referred to might be something like a python. However, when this dragon leaves its cave, the air around it glows like fire.

The Bible

Dragons appear in various places in the Authorised Version (AV, published in 1611) of the Bible. In the Revised Version (RV, published in 1884) and the Revised Standard Version (RSV, published in 1952), one of the original Hebrew words is usually translated more accurately as “jackal”. In Ezekiel 29:3 and 32:3 “dragon” is retained in the RV and RSV but the reference is probably to crocodiles in Egypt. The references to dragons in the book of Revelation, however, are probably linked to older myths from other cultures, where fabulous monsters played a role in creation stories. In the Epic of Gilgamesh, Humbaba, a fire-breathing monster, is the guardian of the sacred forest. In the earlier Sumerian version, this creature is Huwawa.
 

Encyclopędia Britannica

The first edition of Encyclopędia Britannica, published in Scotland in 1771, has a completely factual zoological entry for draco, dragon, an amphibious reptile with wings and a cylindrical tail. The flying variety was found in Africa and the East Indies.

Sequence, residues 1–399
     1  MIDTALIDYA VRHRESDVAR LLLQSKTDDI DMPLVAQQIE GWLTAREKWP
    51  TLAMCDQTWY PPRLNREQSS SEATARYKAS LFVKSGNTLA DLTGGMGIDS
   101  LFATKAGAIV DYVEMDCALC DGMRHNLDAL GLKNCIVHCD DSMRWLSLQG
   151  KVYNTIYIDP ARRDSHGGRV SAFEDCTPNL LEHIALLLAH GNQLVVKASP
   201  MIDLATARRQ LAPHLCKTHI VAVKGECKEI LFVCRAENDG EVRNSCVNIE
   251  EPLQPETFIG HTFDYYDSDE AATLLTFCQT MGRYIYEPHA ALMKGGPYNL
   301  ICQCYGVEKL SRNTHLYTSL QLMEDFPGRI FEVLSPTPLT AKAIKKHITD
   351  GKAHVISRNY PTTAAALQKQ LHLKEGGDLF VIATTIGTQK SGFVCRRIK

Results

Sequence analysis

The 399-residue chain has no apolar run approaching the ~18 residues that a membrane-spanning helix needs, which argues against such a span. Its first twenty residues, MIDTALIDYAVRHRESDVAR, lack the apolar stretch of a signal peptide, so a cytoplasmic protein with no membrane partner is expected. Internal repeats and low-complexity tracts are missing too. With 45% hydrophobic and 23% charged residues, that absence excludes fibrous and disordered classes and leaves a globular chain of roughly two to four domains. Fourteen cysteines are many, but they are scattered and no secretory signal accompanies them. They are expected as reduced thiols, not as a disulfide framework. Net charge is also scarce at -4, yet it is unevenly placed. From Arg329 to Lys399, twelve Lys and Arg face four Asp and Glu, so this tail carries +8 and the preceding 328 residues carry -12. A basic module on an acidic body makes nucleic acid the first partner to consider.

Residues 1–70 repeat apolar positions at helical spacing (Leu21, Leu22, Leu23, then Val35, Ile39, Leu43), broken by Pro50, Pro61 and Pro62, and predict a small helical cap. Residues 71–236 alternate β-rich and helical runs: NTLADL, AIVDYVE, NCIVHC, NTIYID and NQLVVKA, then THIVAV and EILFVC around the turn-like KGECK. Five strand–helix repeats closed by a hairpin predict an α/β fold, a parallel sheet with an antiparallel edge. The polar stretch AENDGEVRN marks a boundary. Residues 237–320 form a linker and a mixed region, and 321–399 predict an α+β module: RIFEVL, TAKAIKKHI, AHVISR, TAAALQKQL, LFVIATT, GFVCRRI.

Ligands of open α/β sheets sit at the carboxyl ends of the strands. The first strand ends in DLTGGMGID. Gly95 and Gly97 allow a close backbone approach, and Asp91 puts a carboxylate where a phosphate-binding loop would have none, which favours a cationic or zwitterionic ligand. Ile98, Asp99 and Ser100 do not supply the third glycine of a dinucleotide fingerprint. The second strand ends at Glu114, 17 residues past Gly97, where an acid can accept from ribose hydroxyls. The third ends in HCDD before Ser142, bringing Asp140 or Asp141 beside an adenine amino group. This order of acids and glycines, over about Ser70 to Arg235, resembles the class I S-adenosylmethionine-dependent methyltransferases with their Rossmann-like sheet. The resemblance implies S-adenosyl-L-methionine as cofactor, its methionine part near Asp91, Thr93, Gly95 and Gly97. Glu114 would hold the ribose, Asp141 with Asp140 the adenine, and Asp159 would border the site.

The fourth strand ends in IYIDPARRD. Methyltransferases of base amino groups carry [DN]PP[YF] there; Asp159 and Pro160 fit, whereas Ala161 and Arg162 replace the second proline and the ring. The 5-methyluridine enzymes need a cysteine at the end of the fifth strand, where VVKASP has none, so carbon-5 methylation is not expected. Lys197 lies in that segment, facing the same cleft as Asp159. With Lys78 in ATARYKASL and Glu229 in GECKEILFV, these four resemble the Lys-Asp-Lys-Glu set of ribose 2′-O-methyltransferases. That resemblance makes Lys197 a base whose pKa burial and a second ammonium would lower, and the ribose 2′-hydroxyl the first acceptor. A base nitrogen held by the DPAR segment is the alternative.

Some related words

The word draconian, meaning harsh, is only indirectly connected, coming from Draco, the name of a 6th century BC lawmaker who prescribed the death penalty for nearly every offence. The name of the herb tarragon came to English in the 16th century from Old French targon, with forerunners in several languages including Spanish, Persian, Arabic and Greek, the plant originally being known as dragon-wort. In the 17th century, a group of armed and mounted infantrymen was known as a dragoon. There are various explanations for this choice of word. One is that their carbines breathed fire like dragons; another is that there was an heraldic dragon on their standards. In fairy-tale, innocent maids were rescued from nasty dragons.
 

Back to Menu

Back to Home Page

Adapted from my manuscript 1,000 Words of Heaven and Earth. Expanded April 2005.